San Francisco will hold its second CityCamp, CityCampSF 2011, this Saturday, June 18, and include municipal employees, journalists, developers and neighborhood leaders “working on solutions for better communities and government.” The event is hosted by SF Department of Technology.
What is CityCampSF? Who should attend? What will be the takeaway?
CityCampSF is an unconference focused on innovation for municipal governments and community organizations. As an unconference, content for CityCampSF is created and organized by participants and coordinated by facilitators. Participants are expected to play active roles in sessions. This provides an excellent format for creative, open exchange geared toward action. CityCamps have been held in several U.S. and UK cities, including Chicago, Colorado, Raleigh and London. The first CityCampSF was held last October.
The target audience for the event is Bay Area city officials, journalists, local creatives and community leaders. Attendees can expect to walk away with a wide range of outcomes, based on the level of experience and knowledge they bring to the event.
For example, I’ll be working at the event with Javier Muniz from Granicus on finalizing core development aspects of the SF Fire App initiative, and volunteers will be doing in-person outreach around the City to increase awareness of the need for public AEDs to reduce sudden cardiac arrest deaths. Last week at CityCamp Raleigh, one North Carolina state official began the day upset that community members were complaining about missing data from the state, and by the end of the day she was working with a team of folks on making the state’s data more accessible. Within 24 hours they had a working open data project live on the new ncopendata.org. That’s what CityCamps do.
What’s your take on the state of open government in San Francisco? What aspects are thriving or need more focus?
Open government as civic tech innovation is very strong in San Francisco, however, there are plenty of areas for growth. I’d love to see the City incorporate commenting streams into its public meeting webcasts, for example. That’s a feature that the City’s streaming media provider offers, it’s just a matter of the will to do it. I recently wrote for sf.govfresh about some of the things the City does well where it could take things to the next level. The City could take its vibrant official Twitter use to the next level through improved integration with official City websites and listening campaigns aimed at identifying and responding to public concerns. It would also be great if the City provided a stream that aggregated trusted content from the many niche Twitter IDs covering city services. I’ve also offered to put together a free half-day social media best-practices and risk management session for government social media, and I think that’s something the City really needs. Some of those topics will be discussed at CityCamp, I’m sure.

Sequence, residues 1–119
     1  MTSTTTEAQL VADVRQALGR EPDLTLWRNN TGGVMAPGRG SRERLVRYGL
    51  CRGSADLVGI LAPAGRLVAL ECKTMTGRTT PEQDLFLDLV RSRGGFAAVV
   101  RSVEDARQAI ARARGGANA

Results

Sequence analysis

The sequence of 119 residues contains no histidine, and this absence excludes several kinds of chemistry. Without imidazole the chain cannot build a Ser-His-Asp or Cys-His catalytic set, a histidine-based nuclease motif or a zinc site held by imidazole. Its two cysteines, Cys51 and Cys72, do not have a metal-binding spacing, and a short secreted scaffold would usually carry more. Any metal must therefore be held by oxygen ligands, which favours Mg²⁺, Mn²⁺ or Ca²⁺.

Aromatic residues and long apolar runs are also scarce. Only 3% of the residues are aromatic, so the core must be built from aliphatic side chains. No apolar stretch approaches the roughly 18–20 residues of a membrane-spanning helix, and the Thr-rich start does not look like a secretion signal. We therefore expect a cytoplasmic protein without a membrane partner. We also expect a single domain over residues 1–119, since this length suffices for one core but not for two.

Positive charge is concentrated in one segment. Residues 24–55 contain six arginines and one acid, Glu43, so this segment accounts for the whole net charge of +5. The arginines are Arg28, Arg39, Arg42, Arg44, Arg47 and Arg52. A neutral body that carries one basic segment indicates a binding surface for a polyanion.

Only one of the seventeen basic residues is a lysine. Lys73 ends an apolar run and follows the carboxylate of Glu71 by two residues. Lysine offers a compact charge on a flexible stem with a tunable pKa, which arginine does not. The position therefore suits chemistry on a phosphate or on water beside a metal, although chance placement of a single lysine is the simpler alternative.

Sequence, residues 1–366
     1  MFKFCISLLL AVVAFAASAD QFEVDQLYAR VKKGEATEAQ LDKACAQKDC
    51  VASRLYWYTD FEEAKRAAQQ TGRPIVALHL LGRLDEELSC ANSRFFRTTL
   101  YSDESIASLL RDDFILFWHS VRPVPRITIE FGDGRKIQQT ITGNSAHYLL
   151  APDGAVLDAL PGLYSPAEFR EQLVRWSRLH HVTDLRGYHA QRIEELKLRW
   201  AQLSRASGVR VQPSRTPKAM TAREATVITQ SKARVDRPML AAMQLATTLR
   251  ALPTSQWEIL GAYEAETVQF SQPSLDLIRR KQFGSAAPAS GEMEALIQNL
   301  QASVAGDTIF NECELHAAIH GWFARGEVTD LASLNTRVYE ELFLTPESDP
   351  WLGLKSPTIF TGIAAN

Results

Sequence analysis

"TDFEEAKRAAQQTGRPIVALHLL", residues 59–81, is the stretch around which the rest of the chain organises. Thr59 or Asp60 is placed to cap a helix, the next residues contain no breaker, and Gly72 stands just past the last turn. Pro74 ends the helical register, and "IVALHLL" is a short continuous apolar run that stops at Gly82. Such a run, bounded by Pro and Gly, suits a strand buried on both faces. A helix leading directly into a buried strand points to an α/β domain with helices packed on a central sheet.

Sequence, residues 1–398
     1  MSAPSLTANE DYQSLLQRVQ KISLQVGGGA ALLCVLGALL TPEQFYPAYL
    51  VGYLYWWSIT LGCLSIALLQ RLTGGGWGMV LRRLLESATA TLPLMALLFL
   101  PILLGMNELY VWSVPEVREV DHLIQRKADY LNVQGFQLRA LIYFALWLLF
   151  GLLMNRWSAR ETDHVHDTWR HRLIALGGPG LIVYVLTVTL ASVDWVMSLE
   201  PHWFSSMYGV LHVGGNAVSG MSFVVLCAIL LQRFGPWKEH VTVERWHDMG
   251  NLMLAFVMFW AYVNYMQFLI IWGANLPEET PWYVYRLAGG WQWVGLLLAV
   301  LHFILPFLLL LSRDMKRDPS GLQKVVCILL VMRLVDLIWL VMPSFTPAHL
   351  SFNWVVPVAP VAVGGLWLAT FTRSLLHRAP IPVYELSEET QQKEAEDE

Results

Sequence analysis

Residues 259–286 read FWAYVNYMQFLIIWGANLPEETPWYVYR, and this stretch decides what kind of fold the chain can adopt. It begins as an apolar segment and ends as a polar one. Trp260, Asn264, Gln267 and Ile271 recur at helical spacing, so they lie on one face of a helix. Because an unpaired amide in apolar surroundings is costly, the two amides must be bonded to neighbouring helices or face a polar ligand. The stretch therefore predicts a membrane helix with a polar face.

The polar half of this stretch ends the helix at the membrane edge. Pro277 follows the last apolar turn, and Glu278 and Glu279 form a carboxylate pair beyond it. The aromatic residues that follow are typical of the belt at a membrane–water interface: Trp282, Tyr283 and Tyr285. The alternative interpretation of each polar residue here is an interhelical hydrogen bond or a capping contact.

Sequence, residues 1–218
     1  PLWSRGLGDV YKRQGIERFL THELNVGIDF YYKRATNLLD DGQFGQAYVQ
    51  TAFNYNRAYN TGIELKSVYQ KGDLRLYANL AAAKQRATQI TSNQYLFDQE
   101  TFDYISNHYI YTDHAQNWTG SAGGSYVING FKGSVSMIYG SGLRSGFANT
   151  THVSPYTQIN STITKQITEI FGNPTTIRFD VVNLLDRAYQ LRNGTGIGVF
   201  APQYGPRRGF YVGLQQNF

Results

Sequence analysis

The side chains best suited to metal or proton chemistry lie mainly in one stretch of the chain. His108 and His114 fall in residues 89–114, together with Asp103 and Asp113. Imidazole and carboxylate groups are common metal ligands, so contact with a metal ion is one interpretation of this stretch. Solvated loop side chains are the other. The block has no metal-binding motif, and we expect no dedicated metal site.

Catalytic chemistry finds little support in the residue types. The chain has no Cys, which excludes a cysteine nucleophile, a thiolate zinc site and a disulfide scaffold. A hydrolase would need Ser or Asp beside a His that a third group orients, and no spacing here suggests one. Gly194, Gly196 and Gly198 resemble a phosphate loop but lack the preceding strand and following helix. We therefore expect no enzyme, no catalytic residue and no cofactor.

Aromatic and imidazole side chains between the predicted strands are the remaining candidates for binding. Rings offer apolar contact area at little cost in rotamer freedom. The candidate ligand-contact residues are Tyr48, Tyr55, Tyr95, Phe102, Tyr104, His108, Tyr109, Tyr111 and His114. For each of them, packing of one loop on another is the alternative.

The City might also consider allowing direct access to expert staff through Facebook, similar to the efforts of the U.S. Geographical Survey. In terms of open data innovation, the City really needs to get more proactive at identifying and releasing new datasets on datasf.org. Citycampers might be able to help there through things like informal interviews with departments to help them identify data that would be useful to developers. I’d also like to see legislation for giving more authority to the City CIO, who in terms of enumerated authority right now is more of a figurehead than a citywide IT leader.
What are your long-term goals for CityCampSF, and how will it cultivate a sustainable open government movement in San Francisco?
Long-term, CityCampSF should be the event that brings together people new to the open government movement with mature leaders in the field to learn and collaborate. It should help government officials quickly get up to speed on civic tech issues and it should be the place where tough municipal challenges are matched with solutions. CityCampSF is also moving to sponsor related events by partners throughout the Bay Area, such as Code for Oakland, GAFFTA’s Summer of Smart innovation series, and the monthly Third Thursdays civic tech meetup to ensure that the community of leaders brought together by the unconference is sustained and grows between big events.